Siming ( Chinese : 司命 ; pinyin : Siming ) Refers to a Chinese deity or deified functionary of That title Who makes fine adjustments’ to human fate , with various English translations (Such As, the Master of Fate, Controller of Fate, Judge of deified Life, Arbiter of Fate, Director of Allotted Life Spans, and Director of Destinies). Siming is both an abstract deity and a celestial asterism .
Siming, Director of Destinies, has the bureaucratic function of human lifespan allocation. Siming seems to have roots in the shamanic traditions, then later assimilated with the Kitchen God , as in the Daoist case of the Three Worms , in which Siming becomes a deity
As an asterism, or apparent stellar constellation, Siming is associated with the Wenchang Wang star pattern, near the Big Dipper , in what is more or less Aquarius .
Sometimes the term Siming is qualified by大( da , meaning “big” or “greater”) or by少( shao , meaning “small” or “lesser”).
The Siming Deity has the bureaucratic function of human lifespan allocation. In bureaucratic terms, If ( 司 ) is a common term, meaning “in charge of”, “a person or department which is in charge of something”, often translated as “secretary”. Commonly, in real life or in imagined bureaucracies, there were Chief and Assistant Secretaries ( Dasi and Shaosi ). Ming ( 命 ) is a complicated word with a long folk and technical history, meaning “life” or “the balance of fate or destiny”, personified as Siming. Often, a deified entity such as Siming receives increased sanctity over time, signified by additional official titles.
Powers and duties
As a matter of fact, it is a matter of their complexity in a complex cosmological system of Chinese religion and mythology. Over time, this system has become a visualization of a complex cosmology including the elaboration of a heavenly bureaucracy, somewhat parallel to the earthly bureaucracy of the Chinese state, and invoking the same sort of explicit hierarchy.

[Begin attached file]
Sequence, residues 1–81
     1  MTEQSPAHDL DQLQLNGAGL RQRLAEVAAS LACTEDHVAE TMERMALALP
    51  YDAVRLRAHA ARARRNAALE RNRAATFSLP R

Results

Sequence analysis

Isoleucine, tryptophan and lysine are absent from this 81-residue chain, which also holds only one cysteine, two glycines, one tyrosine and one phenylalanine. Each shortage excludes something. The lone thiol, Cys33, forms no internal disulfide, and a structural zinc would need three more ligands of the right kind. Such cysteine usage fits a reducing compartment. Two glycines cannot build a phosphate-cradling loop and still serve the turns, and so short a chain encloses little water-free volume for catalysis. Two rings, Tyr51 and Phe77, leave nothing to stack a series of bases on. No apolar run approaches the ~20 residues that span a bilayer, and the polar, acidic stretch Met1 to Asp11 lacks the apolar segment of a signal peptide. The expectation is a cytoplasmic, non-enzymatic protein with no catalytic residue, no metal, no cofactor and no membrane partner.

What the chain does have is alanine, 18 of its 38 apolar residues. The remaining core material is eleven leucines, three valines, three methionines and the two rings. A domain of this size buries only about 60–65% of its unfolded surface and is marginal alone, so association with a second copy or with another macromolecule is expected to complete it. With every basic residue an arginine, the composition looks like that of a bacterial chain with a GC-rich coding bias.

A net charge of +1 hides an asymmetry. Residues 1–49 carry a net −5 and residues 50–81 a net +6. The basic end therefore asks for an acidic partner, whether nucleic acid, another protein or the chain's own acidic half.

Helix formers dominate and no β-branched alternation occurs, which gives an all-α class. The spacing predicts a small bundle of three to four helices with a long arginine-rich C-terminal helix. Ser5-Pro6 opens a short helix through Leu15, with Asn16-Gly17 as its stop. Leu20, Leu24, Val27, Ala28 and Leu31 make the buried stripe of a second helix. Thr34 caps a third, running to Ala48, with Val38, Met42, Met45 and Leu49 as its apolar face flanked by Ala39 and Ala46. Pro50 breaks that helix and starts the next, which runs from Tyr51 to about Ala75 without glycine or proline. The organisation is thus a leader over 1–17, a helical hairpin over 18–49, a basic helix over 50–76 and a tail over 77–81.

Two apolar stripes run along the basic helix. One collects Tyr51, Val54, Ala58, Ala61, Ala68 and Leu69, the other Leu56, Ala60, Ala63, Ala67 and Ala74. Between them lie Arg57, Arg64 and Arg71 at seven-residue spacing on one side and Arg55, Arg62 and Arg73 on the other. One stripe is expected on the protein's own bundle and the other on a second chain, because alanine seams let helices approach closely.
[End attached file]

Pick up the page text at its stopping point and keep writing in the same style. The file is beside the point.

Siming’s special concern (and power) is the balancing of yin and yang (Hawkes, 109). Of particular relevance here is the relationship between yin and yang balance and human health, and the importance to individual human health of such balance, as articulated in traditional Chinese medicine . Siming has the power to balance or unbalance yin and yang, and thus to lengthen or shorten human lifespans, or to provide health or prolong illness.
An idea from Daoism / traditional Chinese medicine relates to the Siming. Also known as the Sanshi (三 尸 “Three Corpses”) or sanchong (三 蟲 “Three Worms”), the Three Deathbringers are part of a Daoist physiological belief that demonic creatures live inside the human body, and they seek to hasten the death of their hosts. These three supernatural parasites are believed to be the birthplace, and reside in the three dantian “energy centers” (head, chest, and abdomen). Succeeding the demise of their human host, they become free of the body as malevolent “ghosts”. HOWEVER, this process is regulated by Siming, Who May or May not allowed this process: in this regard, Siming is Said to Rely on the qui carry the Three Deathbringers (and Perhaps Kitchen God ) Provide it SPECIFICALLY regulated dates. Siming alters the fine yin-yang balance of each individual, thus regulating each one’s health or sickness, and ultimately each’s lifespan. Nevertheless, humans are considered to be different in the treatment of these disorders, as they are interfering with the reporting process, or when they are asked to do so. thus extend the lifespan.